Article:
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I am referring http://www.nltk.org/book/ch06.html for generating a movie review classifier. It considers all words (Nouns, adjectives, verbs..) as part of feature set. I am trying to build a classifier that considers only the verbs and assesses if the movie review is positive or negative.


Please explain if this approach is better, if yes how can it be improved else what other parts of speech tags need to be included to improve the feature set.
Please refer to the following code
1)Import nltk and corpus
2)Understand the categories
3)Create a list of "documents" where each document consists of words that are not in stopwords.words() and filtered from list of "punctuations" as well.
4)Shuffle the documents and generate a list called "all_words" that contains all the words appearing in movie_reviews minus stopwords and punctuations.
5)Create a Freq Dist of "all_words"
6)Create a list of "verbs" by looking at the pos_tag of each word appearing in "all_words"
7)Create a feature dictionary for each document in the "documents" list created in step 3, such that the dictionary will contain keys corresponding to words in "verb" list and a boolean to show if that verb appeared in the document under consideration. This is handled by documentFeature().
8)Create a naive bayes classifier instance and train and compute test accuracy.

from nltk.corpus import movie_reviews
from nltk.corpus import stopwords
from nltk.tokenize import RegexpTokenizer
import nltk
movie_reviews.categories()
#['pos','neg']
#the regextokenier is used to tokenize the words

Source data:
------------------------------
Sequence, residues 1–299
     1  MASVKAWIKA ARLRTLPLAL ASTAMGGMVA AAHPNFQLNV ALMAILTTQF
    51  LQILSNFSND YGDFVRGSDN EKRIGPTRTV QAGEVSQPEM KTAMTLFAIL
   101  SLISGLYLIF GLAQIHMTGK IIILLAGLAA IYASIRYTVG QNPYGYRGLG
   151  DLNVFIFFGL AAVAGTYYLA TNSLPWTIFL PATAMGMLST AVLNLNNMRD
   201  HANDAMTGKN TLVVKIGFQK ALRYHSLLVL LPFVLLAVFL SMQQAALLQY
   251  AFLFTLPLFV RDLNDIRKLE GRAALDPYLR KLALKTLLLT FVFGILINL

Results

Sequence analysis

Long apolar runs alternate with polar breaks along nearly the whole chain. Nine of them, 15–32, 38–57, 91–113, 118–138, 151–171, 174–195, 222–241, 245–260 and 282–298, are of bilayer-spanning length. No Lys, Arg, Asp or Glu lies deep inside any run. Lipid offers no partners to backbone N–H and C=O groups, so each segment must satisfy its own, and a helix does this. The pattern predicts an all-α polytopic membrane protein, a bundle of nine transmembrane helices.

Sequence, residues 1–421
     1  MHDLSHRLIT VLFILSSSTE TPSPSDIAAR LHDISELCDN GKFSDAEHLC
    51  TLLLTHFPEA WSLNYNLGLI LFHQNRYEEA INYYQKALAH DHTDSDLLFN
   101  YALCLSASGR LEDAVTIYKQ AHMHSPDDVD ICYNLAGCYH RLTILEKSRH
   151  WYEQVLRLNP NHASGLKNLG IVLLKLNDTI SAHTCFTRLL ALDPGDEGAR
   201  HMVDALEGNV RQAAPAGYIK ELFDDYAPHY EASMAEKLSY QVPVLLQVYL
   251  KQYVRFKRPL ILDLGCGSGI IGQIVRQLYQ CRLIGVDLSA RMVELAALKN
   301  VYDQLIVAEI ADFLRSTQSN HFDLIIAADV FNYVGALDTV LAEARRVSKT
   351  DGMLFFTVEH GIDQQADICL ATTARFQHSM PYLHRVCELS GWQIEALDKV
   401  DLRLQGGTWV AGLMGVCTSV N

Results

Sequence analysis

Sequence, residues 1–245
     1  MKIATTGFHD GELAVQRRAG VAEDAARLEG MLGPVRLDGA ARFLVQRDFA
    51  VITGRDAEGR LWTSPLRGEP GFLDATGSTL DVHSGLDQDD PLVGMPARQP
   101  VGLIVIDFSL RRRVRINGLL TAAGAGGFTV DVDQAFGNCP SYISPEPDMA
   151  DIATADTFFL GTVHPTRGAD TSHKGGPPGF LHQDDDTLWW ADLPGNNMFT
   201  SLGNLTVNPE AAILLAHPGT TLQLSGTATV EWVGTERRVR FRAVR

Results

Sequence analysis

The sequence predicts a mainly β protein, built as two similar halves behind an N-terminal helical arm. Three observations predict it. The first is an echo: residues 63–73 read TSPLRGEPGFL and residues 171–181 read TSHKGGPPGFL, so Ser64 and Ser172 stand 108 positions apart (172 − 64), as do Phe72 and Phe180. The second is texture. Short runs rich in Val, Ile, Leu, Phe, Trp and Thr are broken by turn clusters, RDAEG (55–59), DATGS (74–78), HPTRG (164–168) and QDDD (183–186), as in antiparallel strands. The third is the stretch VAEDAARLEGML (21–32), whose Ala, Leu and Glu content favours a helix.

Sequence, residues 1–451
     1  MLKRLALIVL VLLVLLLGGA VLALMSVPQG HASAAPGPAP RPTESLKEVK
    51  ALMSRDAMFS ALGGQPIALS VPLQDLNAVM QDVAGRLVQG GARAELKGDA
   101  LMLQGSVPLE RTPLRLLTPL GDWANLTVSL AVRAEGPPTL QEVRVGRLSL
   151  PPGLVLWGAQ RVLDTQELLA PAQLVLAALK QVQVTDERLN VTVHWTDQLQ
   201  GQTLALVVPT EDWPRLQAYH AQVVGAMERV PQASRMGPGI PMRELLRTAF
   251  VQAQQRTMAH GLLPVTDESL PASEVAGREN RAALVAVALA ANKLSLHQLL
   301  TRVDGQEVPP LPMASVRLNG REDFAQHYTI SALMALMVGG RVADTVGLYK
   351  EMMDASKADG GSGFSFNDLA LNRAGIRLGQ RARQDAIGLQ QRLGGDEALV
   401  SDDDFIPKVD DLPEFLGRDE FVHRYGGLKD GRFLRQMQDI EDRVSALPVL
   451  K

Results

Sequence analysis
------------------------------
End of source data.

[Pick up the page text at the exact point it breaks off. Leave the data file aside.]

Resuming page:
tokenizer=RegexpTokenizer(r'\w+')
#creating documents based on filtration of stopwords for each review and running a tokenizer on each document
documents=[(tokenizer.tokenize(' '.join(set(i for i in movie_reviews.words(fileid))-set(stopwords.words()))),category) 
           for category in movie_reviews.categories()
           for fileid in movie_reviews.fileids() 
          ]
import random
random.shuffle(documents)
#each document contains words that are not in stopwords and punctuations.
for i in documents[:5]:
    temp=nltk.FreqDist([j.lower() for j in i[0]])
    print(temp.most_common(5),i[1]) 
#output of 5 documents
#[('vampires', 1), ('clever', 1), ('interesting', 1), ('sunlight', 1), ('partners', 1)] neg
#[('family', 1), ('nino', 1), ('friends', 1), ('acting', 1), ('higher', 1)] pos
#[('inconsistent', 1), ('eye', 1), ('yes', 1), ('interesting', 1), ('praise', 1)] neg
#[('acting', 1), ('science', 1), ('bucks', 1), ('huge', 1), ('terrific', 1)] pos
#[('acting', 1), ('shielded', 1), ('somewhere', 1), ('think', 1), ('touched', 1)] neg

#generate a list called 'all_words' that contains all the set of words that have appeared so far
all_words=tokenizer.tokenize(' '.join(set(i for i in movie_reviews.words())-set(stopwords.words())))
freqdist=nltk.FreqDist(all_words)

#create a list of all verbs for each word appearing in 'all_words'
verb=[]
pos_=nltk.pos_tag(all_words)
#print([i[1] for i in pos_])
for i in pos_:
    if i[1] in ['VB','VBG','VBN','VBZ','VBD','VBP']:
        verb.append(i[0])

#document - feature set, build a dictionary of verbs for each document